Steps for Writing a Verbatim Report
The word "verbatim" refers to using the exact same words, word for word. A verbatim report refers to an account that records everything that was said during a conversation in the exact wording that was used at the time. The most known usage of verbatim writing is done in court, by the stenographer who records everything said. Verbatim reports are used as personal accounts of what was said at the time and place.
The format for a verbatim report dictates that the writer not use the full name except in the introduction and that he separates all speeches by a blank line. Divide the formatting into three columns (from left to right): what was said, who said it and personal comments.
Provide the date that the conversation happened. Provide context for the encounter, the location of the encounter, the parties involved (identify here by name and by initials later) and the relationship between the speakers. Give the information needed for the reader to understand what the speakers are discussing and why. Keep it brief.
Writing a verbatim is much easier when the conversation is somehow recorded. In this case, just sit down and begin transcribing what was said. If typing from memory, it may help to jot down key words that will help sequence the conversation by what is remembered. If working from memory, it is expected that the exact words may not be 100 percent correct, but do the best that memory allows. Put each speech section in its own paragraph. Identify speakers by initials. Place nonverbal communication (relevant body language), silences and exchanges you can't remember in brackets.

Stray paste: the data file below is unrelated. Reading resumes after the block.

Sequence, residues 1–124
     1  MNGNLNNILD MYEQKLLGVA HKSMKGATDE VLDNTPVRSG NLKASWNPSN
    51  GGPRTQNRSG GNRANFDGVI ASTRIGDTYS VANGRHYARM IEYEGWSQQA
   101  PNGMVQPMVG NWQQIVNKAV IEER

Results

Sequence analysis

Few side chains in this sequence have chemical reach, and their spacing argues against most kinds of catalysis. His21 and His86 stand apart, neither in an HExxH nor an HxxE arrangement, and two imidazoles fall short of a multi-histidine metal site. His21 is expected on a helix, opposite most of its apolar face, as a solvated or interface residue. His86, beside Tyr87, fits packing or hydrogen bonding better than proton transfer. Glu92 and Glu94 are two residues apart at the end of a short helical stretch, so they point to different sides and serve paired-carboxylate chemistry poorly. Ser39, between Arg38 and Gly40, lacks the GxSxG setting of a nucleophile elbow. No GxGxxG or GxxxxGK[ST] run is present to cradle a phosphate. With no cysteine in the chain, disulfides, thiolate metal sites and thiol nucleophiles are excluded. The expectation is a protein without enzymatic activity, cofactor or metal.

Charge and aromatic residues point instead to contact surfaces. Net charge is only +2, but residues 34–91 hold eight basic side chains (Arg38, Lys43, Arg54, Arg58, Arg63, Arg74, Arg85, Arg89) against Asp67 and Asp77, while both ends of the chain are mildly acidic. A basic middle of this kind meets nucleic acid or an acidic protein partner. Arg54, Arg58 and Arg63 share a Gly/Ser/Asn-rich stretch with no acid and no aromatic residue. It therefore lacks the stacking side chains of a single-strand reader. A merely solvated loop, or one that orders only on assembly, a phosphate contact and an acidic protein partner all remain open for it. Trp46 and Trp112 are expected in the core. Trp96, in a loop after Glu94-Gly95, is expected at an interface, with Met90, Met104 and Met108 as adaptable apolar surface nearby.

In the right column, provide any comments or reflections on what the speakers have said. Since a verbatim report is often a personal account, provide personal expressions on how the conversation made you feel or, when appropriate, interpretations on what the other people involved may have been thinking.
For more professional and nonpersonal verbatim reports, exclude the personal comments section and instead provide more relevant information there, such as job title or business function for professional reports.
Jess Kroll has been writing since 2005. He has contributed to "Hawaii Independent," "Honolulu Weekly" and "News Drops," as well as numerous websites. His prose, poetry and essays have been published in numerous journals and literary magazines. Kroll holds a Master of Fine Arts in writing from the University of San Francisco.